unstable. Thus the direct form is not suitable for interpolation without
further thought.
 The factored form can be interpolated directly in a stable
manner. In a secondorder section representing a complex conjugate pole
pair, the stability depends largely on the term of delay two. As long as
this term is less than unity, the section will probably be stable,
depending on the remaining term. There are two problems remaining,
though, in the use of the factored form. The first is that the
polynomial must be factored. With 55th order polynomials, this is a
nontrivial task. There is no estimation technique known that can
produce the linear prediction filter in already factored form. Although
factoring polynomials is an established science, it is still quite
timeconsuming, especially with high order. In addition to that, one
must also group the roots such that each section changes only between
roots that are very similar. Since there is no natural ordering of the
roots, one must invent a way of so grouping them. We have tried
techniques of minimizing the Euclidian distance on the Zplane between
pairs of roots, and this seems to give reasonable results, except in
certain cases when, for instance, real roots collide and form complex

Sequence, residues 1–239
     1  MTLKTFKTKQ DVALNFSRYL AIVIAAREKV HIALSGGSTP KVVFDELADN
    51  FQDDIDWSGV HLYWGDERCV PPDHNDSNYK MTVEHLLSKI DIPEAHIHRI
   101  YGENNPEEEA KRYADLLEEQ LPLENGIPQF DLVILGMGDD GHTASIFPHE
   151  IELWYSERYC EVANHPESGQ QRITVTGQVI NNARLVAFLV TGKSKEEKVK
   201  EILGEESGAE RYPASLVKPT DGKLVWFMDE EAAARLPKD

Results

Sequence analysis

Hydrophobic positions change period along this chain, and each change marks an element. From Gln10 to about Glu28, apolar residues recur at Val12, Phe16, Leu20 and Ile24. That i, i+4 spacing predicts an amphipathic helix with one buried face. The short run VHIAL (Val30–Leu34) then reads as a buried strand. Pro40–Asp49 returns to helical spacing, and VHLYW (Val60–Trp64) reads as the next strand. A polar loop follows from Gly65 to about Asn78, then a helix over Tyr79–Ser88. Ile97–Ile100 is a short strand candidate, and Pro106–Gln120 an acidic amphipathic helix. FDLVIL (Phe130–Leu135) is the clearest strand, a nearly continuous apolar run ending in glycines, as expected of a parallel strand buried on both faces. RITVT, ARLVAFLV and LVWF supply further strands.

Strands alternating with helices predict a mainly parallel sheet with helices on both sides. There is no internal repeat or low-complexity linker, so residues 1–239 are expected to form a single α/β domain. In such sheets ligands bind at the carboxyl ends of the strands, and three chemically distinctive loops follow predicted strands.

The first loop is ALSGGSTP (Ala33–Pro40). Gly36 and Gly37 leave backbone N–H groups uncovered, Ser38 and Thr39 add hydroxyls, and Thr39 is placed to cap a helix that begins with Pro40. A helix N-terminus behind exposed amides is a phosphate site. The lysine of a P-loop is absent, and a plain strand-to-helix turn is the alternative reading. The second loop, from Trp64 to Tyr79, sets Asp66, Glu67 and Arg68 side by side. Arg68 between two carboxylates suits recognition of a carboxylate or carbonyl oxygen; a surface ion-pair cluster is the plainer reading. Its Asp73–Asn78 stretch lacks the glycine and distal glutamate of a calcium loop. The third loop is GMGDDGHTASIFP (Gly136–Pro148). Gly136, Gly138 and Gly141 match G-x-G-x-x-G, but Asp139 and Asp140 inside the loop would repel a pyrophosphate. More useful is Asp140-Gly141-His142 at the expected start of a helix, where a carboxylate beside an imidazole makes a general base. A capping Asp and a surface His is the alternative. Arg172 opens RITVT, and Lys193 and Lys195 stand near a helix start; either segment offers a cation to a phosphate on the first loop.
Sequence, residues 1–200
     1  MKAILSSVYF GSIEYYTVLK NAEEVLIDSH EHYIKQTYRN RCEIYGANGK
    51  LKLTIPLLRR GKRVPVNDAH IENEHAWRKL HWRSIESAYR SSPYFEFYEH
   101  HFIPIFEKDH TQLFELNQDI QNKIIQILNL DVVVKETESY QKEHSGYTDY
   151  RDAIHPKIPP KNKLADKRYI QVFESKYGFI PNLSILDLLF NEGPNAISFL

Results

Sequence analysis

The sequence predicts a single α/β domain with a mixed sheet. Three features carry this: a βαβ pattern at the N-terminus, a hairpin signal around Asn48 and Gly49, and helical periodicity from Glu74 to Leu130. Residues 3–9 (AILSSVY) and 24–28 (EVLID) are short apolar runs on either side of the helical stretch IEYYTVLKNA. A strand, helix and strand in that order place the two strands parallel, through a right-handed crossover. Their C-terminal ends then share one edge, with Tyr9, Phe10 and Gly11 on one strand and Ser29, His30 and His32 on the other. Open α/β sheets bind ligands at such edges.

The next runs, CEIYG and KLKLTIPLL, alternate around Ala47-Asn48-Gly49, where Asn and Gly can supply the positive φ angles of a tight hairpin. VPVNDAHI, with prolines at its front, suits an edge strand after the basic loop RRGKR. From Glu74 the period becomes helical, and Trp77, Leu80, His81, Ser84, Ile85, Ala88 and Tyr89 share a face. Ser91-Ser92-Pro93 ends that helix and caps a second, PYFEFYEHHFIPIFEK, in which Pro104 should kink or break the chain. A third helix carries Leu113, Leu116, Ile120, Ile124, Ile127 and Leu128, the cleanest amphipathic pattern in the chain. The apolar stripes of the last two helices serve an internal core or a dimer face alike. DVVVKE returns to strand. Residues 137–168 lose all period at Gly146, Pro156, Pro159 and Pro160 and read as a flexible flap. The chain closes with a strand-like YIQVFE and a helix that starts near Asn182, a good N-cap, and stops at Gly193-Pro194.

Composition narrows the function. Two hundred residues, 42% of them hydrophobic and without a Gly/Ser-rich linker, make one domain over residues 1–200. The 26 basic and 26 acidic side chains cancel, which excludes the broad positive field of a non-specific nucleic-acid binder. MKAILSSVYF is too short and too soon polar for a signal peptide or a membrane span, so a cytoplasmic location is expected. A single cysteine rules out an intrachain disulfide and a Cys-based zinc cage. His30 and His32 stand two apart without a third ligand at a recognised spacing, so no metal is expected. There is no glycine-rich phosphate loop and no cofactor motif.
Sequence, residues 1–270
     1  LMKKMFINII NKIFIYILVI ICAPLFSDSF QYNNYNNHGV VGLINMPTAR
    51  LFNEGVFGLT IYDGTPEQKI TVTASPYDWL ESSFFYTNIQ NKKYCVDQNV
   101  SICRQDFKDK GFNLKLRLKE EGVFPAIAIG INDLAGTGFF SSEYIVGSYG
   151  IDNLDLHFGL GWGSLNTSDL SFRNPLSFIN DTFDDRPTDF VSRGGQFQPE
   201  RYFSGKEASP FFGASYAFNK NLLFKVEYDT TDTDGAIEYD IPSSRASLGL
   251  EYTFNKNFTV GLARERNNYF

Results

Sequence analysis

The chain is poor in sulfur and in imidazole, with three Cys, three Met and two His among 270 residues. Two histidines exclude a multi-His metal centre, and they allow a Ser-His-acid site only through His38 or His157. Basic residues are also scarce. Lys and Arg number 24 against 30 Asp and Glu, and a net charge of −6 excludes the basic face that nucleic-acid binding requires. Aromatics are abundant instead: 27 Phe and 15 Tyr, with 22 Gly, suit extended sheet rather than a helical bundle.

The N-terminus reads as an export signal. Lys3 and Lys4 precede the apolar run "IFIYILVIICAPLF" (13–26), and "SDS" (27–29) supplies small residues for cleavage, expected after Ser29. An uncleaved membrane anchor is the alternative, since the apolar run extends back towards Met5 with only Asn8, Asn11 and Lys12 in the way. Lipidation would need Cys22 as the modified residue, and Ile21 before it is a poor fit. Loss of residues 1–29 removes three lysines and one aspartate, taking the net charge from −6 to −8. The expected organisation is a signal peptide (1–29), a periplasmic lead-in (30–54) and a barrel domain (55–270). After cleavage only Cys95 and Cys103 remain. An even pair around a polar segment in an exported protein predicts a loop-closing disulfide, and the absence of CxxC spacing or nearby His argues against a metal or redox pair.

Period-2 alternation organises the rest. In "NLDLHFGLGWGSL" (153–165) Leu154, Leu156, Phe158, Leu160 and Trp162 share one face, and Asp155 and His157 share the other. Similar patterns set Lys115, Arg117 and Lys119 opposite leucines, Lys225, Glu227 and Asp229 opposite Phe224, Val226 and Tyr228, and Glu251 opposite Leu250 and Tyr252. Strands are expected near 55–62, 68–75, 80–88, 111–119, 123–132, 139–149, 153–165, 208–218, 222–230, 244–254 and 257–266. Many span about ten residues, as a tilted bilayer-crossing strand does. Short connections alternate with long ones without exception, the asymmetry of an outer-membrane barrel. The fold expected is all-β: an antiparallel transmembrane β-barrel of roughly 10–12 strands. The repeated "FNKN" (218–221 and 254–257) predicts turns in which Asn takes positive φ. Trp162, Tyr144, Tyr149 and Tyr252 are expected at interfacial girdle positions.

conjugate pairs. There is no telling at any given time how many real
roots a polynomial will have, and quite often there are one or two real
roots that move around in seemingly random fashion. The factored form
does, however, have one strong advantage, which is that it is very clear
how to directly modify the spectrum at any given point. Since the roots
are already factored, it is quite clear which sections control which
parts of the spectrum. Moreover, when the roots are interpolated, they
form clear, welldefined patterns that have welldefined effects on the
spectrum. Except for the inefficiencies involved in factoring and
ordering the roots, the factored form seems ideal.
 With the latice form, there is no problem in interpolation. The
reflection coefficients can be interpolated directly without fear of
instabilities because the condition for stability is simply that each
coefficient be of magnitude less than unity. When one interpolates,
however, between reflection coefficients of two stable filters, the
roots follow very complex paths, thus if the filters are not already
very similar, one can only expect that the intermediate filters will be
only very loosely related to the original filters.
 If one wishes to modify the spectrum, however, one must convert